A new report by Oil Change International reveals that U.S. taxpayers continue to foot the bill for more than $20 billion in fossil fuel subsidies each year. Every dollar spent subsidizing this industry takes us further away from achieving internationally agreed emissions goals, and maintaining a stable climate.
Janet Redman, U.S. Policy Director at Oil Change International, responds to the late night release of the Department of Energy’s long-anticipated study of the U.S. electricity grid.
“Trump has once again proved himself to be a reckless cynic doing the bidding of his billionaire developer friends. What he and his big business cronies call ‘streamlining,’ Americans recognize as cutting corners and ramming dangerous projects down the throats of citizens voicing opposition.”
Yesterday, Sens. Whitehouse (D-RI), Heinrich (D-ND), Capito (R-WV) and Barrasso (R-WY) introduced the Carbon Capture Utilization and Storage Act, legislation to extend and more than double tax credits to fossil fuel companies for using climate pollution to extract more oil.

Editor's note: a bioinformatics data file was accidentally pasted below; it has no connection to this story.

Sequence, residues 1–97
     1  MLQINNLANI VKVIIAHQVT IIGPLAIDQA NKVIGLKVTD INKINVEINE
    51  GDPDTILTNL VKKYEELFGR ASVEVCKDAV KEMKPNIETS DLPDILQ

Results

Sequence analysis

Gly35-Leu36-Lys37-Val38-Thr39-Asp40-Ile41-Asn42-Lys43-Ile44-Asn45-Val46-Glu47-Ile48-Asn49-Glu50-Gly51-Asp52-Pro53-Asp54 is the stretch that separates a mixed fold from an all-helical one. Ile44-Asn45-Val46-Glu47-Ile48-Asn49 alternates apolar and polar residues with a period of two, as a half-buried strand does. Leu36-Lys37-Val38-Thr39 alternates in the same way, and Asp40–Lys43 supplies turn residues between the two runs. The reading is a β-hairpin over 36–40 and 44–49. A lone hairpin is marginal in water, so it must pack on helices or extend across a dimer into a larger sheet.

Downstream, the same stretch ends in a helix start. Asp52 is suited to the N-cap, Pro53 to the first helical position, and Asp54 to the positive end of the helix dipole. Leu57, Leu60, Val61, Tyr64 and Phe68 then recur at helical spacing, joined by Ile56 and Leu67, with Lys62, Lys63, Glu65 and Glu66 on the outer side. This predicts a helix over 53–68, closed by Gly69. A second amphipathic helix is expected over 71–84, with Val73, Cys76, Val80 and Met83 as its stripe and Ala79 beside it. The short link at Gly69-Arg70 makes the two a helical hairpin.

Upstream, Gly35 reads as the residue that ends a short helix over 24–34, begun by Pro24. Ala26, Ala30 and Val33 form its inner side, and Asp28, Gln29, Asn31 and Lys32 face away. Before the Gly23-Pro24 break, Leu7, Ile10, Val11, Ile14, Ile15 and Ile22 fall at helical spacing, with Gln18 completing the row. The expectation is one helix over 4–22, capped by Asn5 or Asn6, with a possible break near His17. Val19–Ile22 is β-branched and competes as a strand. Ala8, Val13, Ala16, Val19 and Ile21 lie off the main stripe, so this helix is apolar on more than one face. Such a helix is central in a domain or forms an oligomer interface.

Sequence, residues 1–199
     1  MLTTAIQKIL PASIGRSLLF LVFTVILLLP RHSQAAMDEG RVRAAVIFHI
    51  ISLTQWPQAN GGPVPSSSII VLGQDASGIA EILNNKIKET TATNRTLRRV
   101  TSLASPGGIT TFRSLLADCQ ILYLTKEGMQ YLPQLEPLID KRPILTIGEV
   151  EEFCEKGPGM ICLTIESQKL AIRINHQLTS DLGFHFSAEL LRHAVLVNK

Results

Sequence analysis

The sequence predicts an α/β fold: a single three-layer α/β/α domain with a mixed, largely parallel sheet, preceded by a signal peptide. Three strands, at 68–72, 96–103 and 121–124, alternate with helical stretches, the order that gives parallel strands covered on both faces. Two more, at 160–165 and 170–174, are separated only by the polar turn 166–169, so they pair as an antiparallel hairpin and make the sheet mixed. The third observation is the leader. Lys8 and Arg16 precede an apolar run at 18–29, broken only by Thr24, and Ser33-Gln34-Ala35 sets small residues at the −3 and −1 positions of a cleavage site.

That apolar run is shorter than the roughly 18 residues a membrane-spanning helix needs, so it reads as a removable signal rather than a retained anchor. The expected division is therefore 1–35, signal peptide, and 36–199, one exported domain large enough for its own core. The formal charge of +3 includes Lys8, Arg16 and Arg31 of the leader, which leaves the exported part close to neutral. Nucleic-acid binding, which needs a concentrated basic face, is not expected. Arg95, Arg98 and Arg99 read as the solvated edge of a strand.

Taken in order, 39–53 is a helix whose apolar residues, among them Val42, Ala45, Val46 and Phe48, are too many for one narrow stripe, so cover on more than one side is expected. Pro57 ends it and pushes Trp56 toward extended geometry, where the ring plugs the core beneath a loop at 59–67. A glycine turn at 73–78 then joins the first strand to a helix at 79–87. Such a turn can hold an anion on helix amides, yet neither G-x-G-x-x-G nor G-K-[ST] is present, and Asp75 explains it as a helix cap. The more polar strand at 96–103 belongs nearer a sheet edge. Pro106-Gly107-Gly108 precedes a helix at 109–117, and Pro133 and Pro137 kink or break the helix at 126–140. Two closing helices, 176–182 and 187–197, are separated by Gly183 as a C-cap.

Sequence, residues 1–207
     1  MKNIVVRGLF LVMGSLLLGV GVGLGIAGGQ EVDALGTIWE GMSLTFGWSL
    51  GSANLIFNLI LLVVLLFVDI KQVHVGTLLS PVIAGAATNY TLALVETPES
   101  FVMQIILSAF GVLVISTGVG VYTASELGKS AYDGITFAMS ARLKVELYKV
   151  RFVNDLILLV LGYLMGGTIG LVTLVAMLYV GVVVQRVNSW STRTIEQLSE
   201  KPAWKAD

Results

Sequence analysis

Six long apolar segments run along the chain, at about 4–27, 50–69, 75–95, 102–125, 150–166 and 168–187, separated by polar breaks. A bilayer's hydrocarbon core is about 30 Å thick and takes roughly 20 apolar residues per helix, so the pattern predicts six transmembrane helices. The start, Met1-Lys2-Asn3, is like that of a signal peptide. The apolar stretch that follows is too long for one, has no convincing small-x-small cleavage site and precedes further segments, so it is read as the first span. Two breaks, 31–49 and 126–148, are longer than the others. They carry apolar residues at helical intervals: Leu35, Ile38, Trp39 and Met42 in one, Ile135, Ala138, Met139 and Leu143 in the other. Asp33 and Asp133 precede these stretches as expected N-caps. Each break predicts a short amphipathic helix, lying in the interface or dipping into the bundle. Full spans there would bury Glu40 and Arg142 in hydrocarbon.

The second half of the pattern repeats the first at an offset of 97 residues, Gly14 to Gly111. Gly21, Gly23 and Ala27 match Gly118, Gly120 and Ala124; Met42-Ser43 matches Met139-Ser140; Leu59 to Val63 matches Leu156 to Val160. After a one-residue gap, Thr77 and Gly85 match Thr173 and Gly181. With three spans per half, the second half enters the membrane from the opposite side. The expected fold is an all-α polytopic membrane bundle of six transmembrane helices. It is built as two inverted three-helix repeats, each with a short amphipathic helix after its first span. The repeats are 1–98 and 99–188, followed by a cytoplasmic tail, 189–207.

The Energy and Natural Resources Act of 2017 (S.1460) would pave the way for fossil fuel expansion, locking in decades of dirty energy and undermining the necessary clean energy transition.
The myth that opening up more public lands and waters for fossil fuel production will result in a windfall for America is dead wrong. The only windfall from this production is enjoyed by oil, gas, and coal executives.
In a huge industry giveaway, Trump’s Department of Interior budget increases funding for oil, gas, and coal expansion by more than $34 million – and slashes renewable energy by at least $15 million.
A new report examines the extensive support for fossil fuel production on public lands and waters, provided by the U.S. government to the fossil fuel industry through a combination of direct subsidies, enforcement loopholes, lax royalty collection, and stagnant lease rates.
Today, Sens. Merkley (D-OR) and Sanders (I-VT) launched a bill that takes a huge step toward aligning government policy with what climate science tells us is necessary – a transition to a 100% carbon-free economy, as soon as possible.
Today Rex Tillerson, under oath, denied the existence of fossil fuel subsidies. In fact, according to our new analysis ExxonMobil likely gets as much as $1 billion in subsidies each year.